Instead of trying to find a cure for Aids, medical researchers should rather concentrate on finding a cure for hangovers.
Sure, most hangovers won’t kill you, but more of us suffer from them. And when the majority suffers, it’s bad for democracy. Something needs to be done before the situation spirals out of control. Anyway. There’s no point in talking about it. The government never listens until it’s too late.
It has come to my attention that the provinces are once again fannying about with the liquor laws. This is good news. If there is any law that needs a swift kick in the nuts, it’s this one.
For too long we have been denied our right to drink whenever and wherever we please. And I, for one, am looking forward to the day that I can buy a lolly and a half-jack of rum from a vendor on Camps Bay beach at 9am on a Sunday.
KwaZulu-Natal is leading in the pack with moves to allow bottle stores to open on the one day of the week that people need alcohol the most.
Chief executive of the KZN Liquor Authority, Stella “Artois” Khumalo, correctly pointed out that the fascist regime had prohibited sales because they regarded Sunday as the Sabbath. Back then, when Ozzy Osbourne heard what was going on in South Africa, he formed a band called Black Sabbath and toured the world calling for an end to unjust laws governing the sale of booze.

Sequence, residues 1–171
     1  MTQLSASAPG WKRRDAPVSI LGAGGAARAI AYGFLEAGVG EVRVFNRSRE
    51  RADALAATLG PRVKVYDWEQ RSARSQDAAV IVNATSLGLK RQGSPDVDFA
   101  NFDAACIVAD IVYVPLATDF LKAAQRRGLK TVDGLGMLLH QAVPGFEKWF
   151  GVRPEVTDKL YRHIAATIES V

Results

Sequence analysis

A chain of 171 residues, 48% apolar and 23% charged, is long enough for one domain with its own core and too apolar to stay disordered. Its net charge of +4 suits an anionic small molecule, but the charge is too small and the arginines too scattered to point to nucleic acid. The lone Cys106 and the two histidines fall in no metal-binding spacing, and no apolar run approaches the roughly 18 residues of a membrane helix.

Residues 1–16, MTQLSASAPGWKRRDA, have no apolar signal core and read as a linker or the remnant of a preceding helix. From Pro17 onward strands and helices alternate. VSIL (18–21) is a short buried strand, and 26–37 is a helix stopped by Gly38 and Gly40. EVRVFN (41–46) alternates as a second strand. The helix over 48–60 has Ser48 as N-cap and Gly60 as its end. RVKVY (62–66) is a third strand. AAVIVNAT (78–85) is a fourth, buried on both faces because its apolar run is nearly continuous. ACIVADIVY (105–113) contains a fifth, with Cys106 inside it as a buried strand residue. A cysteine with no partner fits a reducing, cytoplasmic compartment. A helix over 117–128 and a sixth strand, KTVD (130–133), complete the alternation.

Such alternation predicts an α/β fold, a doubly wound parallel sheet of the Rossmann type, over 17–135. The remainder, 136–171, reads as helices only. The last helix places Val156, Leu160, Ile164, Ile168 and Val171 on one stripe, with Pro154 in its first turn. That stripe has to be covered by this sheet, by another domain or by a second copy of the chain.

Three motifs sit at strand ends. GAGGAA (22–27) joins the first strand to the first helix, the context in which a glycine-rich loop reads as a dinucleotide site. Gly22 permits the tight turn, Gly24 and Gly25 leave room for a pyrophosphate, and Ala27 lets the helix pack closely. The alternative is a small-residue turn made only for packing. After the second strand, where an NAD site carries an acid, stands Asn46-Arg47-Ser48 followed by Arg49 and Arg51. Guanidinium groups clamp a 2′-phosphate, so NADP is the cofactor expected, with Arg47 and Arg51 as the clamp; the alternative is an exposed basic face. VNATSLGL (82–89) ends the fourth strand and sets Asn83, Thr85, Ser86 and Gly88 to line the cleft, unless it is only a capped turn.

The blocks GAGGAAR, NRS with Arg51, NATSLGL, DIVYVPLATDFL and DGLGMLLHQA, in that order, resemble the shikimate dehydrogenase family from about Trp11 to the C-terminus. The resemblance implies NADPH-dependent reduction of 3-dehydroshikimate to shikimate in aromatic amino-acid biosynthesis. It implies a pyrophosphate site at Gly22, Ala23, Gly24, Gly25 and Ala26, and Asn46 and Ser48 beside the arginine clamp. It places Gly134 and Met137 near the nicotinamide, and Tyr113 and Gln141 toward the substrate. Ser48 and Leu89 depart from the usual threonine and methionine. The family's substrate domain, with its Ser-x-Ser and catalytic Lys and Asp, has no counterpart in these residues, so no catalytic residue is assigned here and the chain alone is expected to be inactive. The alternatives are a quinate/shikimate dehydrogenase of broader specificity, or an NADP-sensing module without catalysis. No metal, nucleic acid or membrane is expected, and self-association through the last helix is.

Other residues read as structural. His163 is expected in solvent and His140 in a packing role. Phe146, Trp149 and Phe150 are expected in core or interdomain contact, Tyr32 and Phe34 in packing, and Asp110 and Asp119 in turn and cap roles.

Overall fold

Gauteng is considering a total ban on alcohol sales on Sundays – eight years after it was unbanned. This is inexplicable. Sundays are depressing enough, but to have to live in Gauteng and then not be able to drink on the most deathly of days constitutes cruel and inhuman punishment.
This is a clear breach of Article 5 of the UN Declaration of Human Rights. South Africa is also a signatory to the UN Convention Against Torture. We are in violation, people. My advice to Gautengers is that they approach Amnesty International.
Premier Nomvula Mokonyane also wants cars to be replaced by ox wagons and a moratorium on electricity to allow cooking fires to resume their rightful place in the home.
I suspect the situation in the Western Cape is even more dire.
When it comes to matters of health and safety, the people running that province make the Taliban seem like the Teletubbies. It wouldn’t surprise me to hear that city councillor Oberstfuhrer JP von Schmidtundwesson was backing the introduction of sharia. There is nothing he would like more than taking the family to a public beheading in Greenmarket Square on a Saturday afternoon.
Alcohol is the great leveller.
Once we’re all in the gutter, this country will be the better for it. I want to be able to crawl to a park bench late on a Friday night, only to find that it is occupied by Patrice Motsepe. I will offer him some of my Tassies and, in return, he will allow me to wet my lips on the neck of his crystal decanter. We will end up fighting over some toothless old hag from the Oppenheimer family but will have a good laugh about it during our morning vomit.
We are a nation of drinkers and the last thing we need is the government making us feel bad about it. Our self-esteem is already lower than Julius Malema’s credit rating. We need to be picked up. Quite literally, more often than not.